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Curr Opin Chem Biol. 2016 Feb;30:52-60. doi: 10.1016/j.cbpa.2015.10.030. Epub 2015 Nov 28.

Metabolic control of methylation and acetylation.

Author information

1
Lewis-Sigler Institute for Integrative Genomics, Princeton University, Princeton, NJ 08544, USA; Department of Chemistry, Princeton University, Princeton, NJ 08544, USA.
2
Department of Cancer Biology, University of Pennsylvania Perelman School of Medicine, Philadelphia, PA 19104, USA; Abramson Family Cancer Research Institute, University of Pennsylvania Perelman School of Medicine, Philadelphia, PA 19104, USA.
3
Lewis-Sigler Institute for Integrative Genomics, Princeton University, Princeton, NJ 08544, USA; Department of Chemistry, Princeton University, Princeton, NJ 08544, USA. Electronic address: joshr@genomics.princeton.edu.

Abstract

Methylation and acetylation of DNA and histone proteins are the chemical basis for epigenetics. From bacteria to humans, methylation and acetylation are sensitive to cellular metabolic status. Modification rates depend on the availability of one-carbon and two-carbon substrates (S-adenosylmethionine, acetyl-CoA, and in bacteria also acetyl-phosphate). In addition, they are sensitive to demodification enzyme cofactors (α-ketoglutarate, NAD(+)) and structural analog metabolites that function as epigenetic enzyme inhibitors (e.g., S-adenosylhomocysteine, 2-hydroxyglutarate). Methylation and acetylation likely initially evolved to tailor protein activities in microbes to their metabolic milieu. While the extracellular environment of mammals is more tightly controlled, the combined impact of nutrient abundance and metabolic enzyme expression impacts epigenetics in mammals sufficiently to drive important biological outcomes such as stem cell fate and cancer.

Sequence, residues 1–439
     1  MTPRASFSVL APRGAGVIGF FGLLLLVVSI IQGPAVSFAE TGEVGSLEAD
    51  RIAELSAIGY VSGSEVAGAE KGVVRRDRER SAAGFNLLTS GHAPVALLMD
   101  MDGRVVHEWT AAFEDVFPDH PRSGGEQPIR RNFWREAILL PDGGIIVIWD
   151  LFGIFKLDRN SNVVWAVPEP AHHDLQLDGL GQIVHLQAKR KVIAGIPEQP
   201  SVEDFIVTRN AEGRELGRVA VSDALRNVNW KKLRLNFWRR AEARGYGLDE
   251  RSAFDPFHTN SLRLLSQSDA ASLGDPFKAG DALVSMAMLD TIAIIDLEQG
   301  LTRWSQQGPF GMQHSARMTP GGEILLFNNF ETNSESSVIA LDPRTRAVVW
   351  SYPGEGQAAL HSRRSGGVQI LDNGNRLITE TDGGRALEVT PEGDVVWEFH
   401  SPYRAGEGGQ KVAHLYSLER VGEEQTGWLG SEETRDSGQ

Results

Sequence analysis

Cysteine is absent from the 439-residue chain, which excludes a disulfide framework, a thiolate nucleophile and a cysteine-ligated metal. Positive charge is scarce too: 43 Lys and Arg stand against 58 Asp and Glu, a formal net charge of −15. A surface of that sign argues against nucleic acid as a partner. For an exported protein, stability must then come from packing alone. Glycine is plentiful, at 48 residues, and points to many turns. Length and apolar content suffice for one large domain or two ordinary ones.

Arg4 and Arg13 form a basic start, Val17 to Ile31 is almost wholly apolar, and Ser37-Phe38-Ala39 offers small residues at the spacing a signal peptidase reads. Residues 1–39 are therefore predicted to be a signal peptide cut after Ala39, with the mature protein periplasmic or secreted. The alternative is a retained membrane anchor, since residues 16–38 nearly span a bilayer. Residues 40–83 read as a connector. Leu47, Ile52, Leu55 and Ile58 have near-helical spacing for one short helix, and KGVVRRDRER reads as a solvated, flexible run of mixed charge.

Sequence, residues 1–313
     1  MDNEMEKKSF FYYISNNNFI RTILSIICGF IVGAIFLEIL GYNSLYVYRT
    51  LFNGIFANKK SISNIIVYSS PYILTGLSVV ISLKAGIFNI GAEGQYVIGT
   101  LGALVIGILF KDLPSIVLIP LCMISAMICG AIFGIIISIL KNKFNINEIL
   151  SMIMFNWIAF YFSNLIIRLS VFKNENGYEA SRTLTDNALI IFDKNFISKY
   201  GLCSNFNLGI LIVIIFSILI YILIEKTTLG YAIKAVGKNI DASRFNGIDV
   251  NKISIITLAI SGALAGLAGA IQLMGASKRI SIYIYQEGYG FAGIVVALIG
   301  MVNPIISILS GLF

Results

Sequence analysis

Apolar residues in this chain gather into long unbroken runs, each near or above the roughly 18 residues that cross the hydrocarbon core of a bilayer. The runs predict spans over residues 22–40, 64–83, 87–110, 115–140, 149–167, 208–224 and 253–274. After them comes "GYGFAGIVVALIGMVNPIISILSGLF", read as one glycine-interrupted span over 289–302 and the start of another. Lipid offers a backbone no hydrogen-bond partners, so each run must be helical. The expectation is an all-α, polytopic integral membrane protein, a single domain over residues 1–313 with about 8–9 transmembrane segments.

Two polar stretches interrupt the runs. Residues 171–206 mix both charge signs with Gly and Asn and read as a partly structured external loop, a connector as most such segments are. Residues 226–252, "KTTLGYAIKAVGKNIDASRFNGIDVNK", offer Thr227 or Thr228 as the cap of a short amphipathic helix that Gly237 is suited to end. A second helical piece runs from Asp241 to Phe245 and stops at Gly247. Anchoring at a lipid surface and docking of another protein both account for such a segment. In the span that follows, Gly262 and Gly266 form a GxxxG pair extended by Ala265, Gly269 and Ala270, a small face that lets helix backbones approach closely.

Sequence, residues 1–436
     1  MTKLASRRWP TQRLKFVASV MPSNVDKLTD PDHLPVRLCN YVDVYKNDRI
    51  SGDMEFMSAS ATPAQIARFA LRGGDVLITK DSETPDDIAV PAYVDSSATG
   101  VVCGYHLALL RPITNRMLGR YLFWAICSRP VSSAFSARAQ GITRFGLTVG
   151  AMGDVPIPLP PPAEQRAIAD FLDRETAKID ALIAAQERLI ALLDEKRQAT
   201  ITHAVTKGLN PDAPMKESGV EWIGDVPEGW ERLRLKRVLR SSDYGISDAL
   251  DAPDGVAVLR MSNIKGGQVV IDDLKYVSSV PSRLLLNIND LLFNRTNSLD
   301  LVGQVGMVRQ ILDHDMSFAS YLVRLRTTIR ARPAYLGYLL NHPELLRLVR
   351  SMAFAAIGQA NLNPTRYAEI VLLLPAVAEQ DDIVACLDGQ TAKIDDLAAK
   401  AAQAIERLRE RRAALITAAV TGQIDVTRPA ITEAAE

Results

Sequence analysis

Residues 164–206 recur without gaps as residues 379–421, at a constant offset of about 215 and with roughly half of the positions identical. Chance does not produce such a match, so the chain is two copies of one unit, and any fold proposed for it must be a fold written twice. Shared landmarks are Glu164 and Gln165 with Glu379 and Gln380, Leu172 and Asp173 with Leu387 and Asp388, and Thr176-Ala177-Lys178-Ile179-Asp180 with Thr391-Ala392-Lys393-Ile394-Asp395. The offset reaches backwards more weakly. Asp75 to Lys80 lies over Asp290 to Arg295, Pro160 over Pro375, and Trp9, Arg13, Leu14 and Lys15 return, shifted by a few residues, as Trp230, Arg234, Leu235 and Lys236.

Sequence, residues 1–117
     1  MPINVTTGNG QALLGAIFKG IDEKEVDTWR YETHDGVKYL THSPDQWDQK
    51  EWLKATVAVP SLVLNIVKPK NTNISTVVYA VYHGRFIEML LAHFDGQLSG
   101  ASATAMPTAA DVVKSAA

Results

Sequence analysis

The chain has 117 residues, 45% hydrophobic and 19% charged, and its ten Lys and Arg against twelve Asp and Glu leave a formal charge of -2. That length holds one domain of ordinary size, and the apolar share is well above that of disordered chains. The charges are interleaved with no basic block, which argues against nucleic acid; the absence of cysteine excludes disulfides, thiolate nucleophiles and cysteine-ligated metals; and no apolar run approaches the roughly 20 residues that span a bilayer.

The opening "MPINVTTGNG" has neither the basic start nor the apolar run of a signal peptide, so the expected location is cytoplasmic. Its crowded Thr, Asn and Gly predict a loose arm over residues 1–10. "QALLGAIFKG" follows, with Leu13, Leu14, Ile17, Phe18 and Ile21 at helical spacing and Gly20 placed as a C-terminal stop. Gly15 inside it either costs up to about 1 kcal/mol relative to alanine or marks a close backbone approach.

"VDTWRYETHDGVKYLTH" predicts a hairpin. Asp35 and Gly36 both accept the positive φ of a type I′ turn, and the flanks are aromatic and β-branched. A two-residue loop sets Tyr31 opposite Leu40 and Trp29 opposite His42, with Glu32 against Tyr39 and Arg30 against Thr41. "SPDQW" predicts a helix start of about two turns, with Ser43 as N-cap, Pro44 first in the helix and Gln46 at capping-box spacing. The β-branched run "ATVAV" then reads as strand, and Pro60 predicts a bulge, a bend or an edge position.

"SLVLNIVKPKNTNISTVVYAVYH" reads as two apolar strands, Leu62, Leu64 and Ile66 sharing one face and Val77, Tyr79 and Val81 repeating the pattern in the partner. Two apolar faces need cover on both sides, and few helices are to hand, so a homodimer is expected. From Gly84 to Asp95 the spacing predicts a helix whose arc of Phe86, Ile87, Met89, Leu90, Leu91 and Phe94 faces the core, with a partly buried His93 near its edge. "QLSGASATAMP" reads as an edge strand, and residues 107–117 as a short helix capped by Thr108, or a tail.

PMID:
26629854
PMCID:
PMC4731252
DOI:
10.1016/j.cbpa.2015.10.030
[Indexed for MEDLINE]
Free PMC Article

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